The question everyone had for us RedMonkers last night at dinner, and the RedMonk sponsored House of Shields outing that followed, was simple: “How’d it go?” The ‘it’ being our initial foray into the world of conferences with the RedMonk track at yesterday’s very successful (3K attendees + first time event = I’m impressed) CommunityOne.
What if I told you that a.) our t-shirts were somehow lost in transit, b.) our venue was right next to the general session room so we were periodically drowned out by thunderous easy listening tracks, c.) the schedule building application used by the conference organizers informed everyone (including the AV folks manning the room) that our track was an hour long, not the full day we had planned? Would you expect it to be a.) a success, b.) a failure, or c.) an unmitigated disaster?
I’m delighted to report that in spite of the various setbacks, RedMonkOne – from our perspective – was a tremendous success. From the content perspective, we had a startling variety of topics to pick from – all of which, importantly, were organized and led by someone from the audience. Not us. I’d assumed that even with a limited number of sessions slots available, we’d have to fill in a gap somewhere and facilitate our own session. Not so; the attendees did a fabulous job of organizing, facilitating and leading sessions that us monks merely participated in. We had panels, we had discussions, we had product demos, we had presentations. Phenomenal.
And speaking of attendees, the numbers weren’t stellar, but were far from awful. We’d gotten word last week that registration for our track was abysmal, and we frankly didn’t know quite what to expect yesterday morning. My worst case predictions were not good. What we got was an audience of 35 or 40 people that showed up, didn’t leave, and engaged. For seven hours. While we very likely could have improved significantly on those numbers if the schedule hadn’t informed would-be attendees that if they missed the first hour they missed the show, I couldn’t be happier with the audience we had.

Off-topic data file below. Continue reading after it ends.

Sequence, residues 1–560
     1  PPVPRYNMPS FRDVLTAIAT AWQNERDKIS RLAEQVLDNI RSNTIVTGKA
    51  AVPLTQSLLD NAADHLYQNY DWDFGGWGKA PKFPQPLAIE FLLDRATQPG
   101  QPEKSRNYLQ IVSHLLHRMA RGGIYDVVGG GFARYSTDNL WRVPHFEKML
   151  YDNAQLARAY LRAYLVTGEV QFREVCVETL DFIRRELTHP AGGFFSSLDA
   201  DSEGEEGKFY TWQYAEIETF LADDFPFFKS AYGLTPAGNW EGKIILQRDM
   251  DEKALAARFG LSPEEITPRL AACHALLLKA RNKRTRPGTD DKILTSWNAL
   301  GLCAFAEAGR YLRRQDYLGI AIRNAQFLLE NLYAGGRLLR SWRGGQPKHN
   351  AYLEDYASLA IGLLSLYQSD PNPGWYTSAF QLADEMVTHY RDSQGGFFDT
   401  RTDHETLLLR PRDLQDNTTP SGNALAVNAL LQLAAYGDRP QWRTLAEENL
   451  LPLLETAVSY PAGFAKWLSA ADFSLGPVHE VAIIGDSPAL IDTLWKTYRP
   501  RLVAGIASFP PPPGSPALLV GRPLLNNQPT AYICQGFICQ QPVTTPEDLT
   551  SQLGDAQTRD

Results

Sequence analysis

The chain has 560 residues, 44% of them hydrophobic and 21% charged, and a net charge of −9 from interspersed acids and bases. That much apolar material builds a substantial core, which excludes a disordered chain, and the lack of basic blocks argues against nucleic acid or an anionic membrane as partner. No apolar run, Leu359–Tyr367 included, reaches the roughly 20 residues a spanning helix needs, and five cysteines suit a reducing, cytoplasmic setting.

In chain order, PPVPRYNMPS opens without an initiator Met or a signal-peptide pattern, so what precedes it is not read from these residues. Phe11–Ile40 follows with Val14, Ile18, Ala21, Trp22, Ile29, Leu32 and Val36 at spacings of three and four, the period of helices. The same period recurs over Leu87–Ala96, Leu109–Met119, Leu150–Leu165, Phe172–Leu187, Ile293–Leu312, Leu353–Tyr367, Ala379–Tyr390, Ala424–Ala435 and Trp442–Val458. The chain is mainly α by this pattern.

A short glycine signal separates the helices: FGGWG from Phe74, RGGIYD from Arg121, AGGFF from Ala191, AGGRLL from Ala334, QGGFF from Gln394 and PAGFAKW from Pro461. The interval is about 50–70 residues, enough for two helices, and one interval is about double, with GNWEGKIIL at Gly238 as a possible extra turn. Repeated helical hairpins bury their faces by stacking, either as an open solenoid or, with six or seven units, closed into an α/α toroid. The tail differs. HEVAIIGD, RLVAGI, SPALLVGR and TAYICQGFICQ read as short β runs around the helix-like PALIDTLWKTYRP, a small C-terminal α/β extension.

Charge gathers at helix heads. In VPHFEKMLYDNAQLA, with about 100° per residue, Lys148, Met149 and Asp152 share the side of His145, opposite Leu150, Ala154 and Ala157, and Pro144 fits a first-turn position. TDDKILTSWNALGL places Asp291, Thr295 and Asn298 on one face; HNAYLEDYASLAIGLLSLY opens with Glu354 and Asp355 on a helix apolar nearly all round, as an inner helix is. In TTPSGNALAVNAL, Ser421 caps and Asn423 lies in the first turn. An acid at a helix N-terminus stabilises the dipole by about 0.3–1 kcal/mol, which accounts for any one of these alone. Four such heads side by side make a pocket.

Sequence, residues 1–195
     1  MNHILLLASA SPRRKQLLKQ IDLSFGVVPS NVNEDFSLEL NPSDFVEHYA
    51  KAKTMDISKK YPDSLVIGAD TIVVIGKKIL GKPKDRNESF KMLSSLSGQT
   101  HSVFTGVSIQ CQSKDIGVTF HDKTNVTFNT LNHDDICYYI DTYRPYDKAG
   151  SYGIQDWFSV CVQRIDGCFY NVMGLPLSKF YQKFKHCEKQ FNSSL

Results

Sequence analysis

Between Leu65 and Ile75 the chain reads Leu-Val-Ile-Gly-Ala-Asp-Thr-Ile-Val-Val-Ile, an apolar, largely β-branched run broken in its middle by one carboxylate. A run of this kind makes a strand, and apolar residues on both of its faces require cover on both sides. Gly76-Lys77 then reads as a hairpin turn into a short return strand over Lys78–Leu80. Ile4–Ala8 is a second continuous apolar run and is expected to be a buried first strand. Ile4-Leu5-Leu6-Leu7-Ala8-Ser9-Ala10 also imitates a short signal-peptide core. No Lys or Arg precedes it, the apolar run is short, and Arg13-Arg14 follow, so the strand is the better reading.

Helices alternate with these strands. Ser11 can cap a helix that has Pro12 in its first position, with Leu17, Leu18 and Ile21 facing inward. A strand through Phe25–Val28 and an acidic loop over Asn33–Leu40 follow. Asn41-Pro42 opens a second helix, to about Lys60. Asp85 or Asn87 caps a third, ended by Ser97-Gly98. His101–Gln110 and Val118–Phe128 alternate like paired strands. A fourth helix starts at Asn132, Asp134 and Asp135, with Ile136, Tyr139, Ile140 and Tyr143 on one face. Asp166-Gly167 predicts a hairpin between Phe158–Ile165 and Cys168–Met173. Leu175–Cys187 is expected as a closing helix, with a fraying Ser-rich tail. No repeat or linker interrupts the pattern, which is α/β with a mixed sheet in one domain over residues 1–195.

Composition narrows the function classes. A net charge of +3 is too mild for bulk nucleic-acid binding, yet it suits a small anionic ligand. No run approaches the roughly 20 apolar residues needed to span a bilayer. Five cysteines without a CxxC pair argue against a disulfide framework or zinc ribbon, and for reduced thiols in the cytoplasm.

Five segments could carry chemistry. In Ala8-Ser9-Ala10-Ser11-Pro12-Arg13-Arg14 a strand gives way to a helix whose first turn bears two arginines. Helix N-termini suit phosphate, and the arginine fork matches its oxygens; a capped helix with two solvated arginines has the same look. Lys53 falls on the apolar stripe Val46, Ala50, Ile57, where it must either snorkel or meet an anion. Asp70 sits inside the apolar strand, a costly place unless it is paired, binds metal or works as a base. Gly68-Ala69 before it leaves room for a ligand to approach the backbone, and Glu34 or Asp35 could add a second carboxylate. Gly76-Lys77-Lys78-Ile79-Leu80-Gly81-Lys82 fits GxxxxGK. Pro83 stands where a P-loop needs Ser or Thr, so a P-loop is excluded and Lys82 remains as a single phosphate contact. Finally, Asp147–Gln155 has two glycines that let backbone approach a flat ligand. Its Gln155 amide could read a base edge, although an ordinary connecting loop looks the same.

From our side, there are a bunch of takeaways – not least of which was Simon’s suggestion that we provide more up front guidance as to what’s to be covered – but overall I think it came off successfully. Even if we do suck 😉
There are too many folks to thank individually, but I want to say that I very sincerely appreciate the time that all of our attendees took to be there. And while we obviously appreciate the kind words and emails we received subsequent to the conference, the thanks are misplaced: the success of the day doesn’t belong to RedMonk, but to the folks that made the event a success. The attendees succeeded in making the event a success, against heavy odds (particularly the music, that was a killer).
What a great start to the week.
P.S. Almost forgot: attendees, mail us your address and you’ll get your shirt. Provided that we eventually find them.